The fine wine of the workforce

Today (1 October) marks the International Day of Older Persons, and this year’s theme – “Digital Equity for All Ages”, has been declared with the aim of affirming the need for access and meaningful participation in the digital world by older persons. However, when it comes to the state of life of older persons in Sri Lanka and the growth of the elderly population, there are more basic, but extremely pressing issues, which need to be addressed more urgently.

According to a 2019 report issued by the Asian Development Bank (ADB) regarding Sri Lanka’s growing elderly population, they are aging more rapidly than most in other developing countries. The ADB forecasts that the number of older persons, i.e. those aged 65 years or more, will double by 2050, compared with 2015, and that a rapid rise is expected in the share of the population over 65 years in the total population, from 9.4% in 2015 to 21% by 2045 and to 35.6% by 2100.  

This situation is likely to exacerbate the existing lack of the elderly population’s contribution to the national economy, and thereby, increase dependency and poverty in old age. 

According to the ADB, the share of the working age population, i.e. those between 15 and 64 years, of the total population, has also started declining, and the absolute number of the working age population will also start dropping by 2030, and that in Sri Lanka, these changes are happening at a much earlier stage of development than in many other economies that are facing aging of the population.

Therefore, there is a pressing need to initiate a national-level discourse on the elderly population’s living conditions, poverty, dependency, income and old age income support and social security programmes, participation in the labour force, and health and long-term care for the elderly, and there is a need to formulate and implement without a delay, national, long-term policies.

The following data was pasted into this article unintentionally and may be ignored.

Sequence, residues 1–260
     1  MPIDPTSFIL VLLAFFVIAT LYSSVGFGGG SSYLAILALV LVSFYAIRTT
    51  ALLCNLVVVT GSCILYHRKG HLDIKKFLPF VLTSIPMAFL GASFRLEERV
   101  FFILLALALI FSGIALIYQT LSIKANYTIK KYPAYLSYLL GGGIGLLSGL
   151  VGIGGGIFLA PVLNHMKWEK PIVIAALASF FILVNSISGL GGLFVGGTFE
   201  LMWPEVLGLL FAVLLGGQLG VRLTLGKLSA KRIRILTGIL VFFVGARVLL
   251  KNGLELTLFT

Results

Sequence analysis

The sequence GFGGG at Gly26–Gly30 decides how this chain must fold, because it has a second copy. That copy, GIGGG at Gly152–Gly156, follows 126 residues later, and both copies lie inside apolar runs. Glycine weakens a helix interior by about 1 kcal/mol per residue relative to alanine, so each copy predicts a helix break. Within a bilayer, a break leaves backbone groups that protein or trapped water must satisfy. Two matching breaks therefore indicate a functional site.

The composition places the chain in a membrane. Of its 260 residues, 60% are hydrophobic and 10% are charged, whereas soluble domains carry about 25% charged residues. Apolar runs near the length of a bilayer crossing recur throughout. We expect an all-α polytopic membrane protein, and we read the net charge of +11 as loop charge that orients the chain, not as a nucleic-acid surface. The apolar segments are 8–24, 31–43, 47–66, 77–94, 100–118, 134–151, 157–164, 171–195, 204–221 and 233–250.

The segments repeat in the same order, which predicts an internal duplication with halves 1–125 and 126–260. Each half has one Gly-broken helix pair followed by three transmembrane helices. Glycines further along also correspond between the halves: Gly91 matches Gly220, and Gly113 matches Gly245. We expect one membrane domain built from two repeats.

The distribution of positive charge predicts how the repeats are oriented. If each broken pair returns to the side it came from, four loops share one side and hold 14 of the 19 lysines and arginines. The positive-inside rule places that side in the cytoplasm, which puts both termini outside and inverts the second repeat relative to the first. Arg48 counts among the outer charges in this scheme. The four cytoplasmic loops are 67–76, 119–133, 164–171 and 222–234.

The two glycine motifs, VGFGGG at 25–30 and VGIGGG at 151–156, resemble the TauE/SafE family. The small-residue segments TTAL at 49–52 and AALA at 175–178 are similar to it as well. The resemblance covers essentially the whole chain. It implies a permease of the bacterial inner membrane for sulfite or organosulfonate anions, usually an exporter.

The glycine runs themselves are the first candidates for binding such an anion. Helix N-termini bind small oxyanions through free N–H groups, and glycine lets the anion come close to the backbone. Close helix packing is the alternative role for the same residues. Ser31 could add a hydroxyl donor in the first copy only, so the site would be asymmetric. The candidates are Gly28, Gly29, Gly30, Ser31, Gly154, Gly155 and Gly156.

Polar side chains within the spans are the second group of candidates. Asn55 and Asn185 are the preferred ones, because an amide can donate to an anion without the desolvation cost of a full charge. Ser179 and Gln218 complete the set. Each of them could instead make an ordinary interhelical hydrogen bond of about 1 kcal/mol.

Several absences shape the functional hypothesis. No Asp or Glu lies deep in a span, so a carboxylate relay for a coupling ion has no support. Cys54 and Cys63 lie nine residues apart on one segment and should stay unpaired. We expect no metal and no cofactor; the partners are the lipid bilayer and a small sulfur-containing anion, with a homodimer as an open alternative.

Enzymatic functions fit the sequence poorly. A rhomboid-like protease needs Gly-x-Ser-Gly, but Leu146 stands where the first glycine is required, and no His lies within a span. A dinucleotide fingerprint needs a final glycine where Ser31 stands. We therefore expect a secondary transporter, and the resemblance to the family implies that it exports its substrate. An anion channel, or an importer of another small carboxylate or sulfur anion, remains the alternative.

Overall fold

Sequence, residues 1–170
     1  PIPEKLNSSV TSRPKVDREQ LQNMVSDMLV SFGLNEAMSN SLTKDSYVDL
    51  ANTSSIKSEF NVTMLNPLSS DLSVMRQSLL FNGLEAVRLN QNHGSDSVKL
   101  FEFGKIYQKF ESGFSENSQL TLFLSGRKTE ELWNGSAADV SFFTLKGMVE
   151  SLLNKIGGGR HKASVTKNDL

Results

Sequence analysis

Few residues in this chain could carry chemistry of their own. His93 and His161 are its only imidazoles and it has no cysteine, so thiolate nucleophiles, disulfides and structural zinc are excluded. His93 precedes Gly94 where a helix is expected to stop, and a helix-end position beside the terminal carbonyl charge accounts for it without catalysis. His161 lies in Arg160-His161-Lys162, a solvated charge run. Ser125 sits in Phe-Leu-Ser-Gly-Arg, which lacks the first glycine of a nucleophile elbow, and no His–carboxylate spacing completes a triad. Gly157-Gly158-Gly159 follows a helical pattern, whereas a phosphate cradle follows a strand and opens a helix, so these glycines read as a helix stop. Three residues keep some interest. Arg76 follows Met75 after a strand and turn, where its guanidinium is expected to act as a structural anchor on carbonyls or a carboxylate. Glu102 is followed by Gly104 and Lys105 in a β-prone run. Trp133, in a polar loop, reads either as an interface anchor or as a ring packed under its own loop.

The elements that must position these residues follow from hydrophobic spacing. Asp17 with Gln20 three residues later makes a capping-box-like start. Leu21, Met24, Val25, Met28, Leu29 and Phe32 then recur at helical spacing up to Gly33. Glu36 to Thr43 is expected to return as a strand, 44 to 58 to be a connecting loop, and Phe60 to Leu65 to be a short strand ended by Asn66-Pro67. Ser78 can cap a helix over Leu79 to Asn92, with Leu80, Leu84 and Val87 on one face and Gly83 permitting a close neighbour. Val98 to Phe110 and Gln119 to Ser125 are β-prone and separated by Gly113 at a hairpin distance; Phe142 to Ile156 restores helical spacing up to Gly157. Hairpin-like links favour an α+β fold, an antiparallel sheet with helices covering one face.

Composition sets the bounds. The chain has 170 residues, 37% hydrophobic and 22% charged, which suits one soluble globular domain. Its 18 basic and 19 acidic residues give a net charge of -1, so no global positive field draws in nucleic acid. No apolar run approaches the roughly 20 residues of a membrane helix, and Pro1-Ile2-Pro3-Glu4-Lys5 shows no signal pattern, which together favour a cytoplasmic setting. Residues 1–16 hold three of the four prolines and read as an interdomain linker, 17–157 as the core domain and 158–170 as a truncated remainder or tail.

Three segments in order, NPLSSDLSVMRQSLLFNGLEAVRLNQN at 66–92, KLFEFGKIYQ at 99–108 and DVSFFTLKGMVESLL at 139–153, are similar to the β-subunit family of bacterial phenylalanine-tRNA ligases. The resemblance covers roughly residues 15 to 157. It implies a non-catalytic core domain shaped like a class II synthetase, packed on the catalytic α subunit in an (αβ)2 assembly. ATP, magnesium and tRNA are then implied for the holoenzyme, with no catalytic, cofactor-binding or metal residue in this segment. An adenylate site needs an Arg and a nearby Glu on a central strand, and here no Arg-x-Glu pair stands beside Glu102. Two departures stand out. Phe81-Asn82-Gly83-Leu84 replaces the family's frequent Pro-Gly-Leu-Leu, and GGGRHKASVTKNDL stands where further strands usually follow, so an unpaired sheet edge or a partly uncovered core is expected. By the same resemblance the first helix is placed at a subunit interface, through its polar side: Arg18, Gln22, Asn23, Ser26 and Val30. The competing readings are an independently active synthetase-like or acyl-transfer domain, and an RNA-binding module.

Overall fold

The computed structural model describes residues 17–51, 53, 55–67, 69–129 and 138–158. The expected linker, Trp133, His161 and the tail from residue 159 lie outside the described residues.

However, what the aforementioned data says is that Sri Lanka needs to be prepared to support the elderly population in an effective manner while also creating an environment to allow them to be a part of the national economy when there is an opportunity, in order to ensure their wellbeing and the stability of the country’s economy. Formulating and implementing a proper policy to support the elderly population to put their expertise and experience to good use as far as they are willing would not only ensure their health-related wellbeing, financial stability, and self-confidence, but will also ensure that what they have learnt is passed onto the next generation. 

Marking this day, Sri Lanka acknowledged the necessity and seriousness of creating a safer environment for the elderly population, both socially and economically.

Primary Healthcare, Epidemics, and Covid-19 Disease Control State Minister Dr. Sudarshini Fernandopulle, in a statement issued in this regard, stated that the most important challenge facing the citizens at the moment is to create a society that meets the needs of the elderly population and their rights, and that accountability as a society can be identified as the best solution to achieve that goal. Implementation of the National Elderly Health Policy, the enforcement of laws governing the elderly, securing cyber security and ethics for adults in the digital world, accountability for the elders’ rights as a society, and encouraging a programme to preserve the elders in the family, were her recommendations.

As we go forward as a country, let us not give up on those who created the present we live in, and instead, help them live an independent and productive life.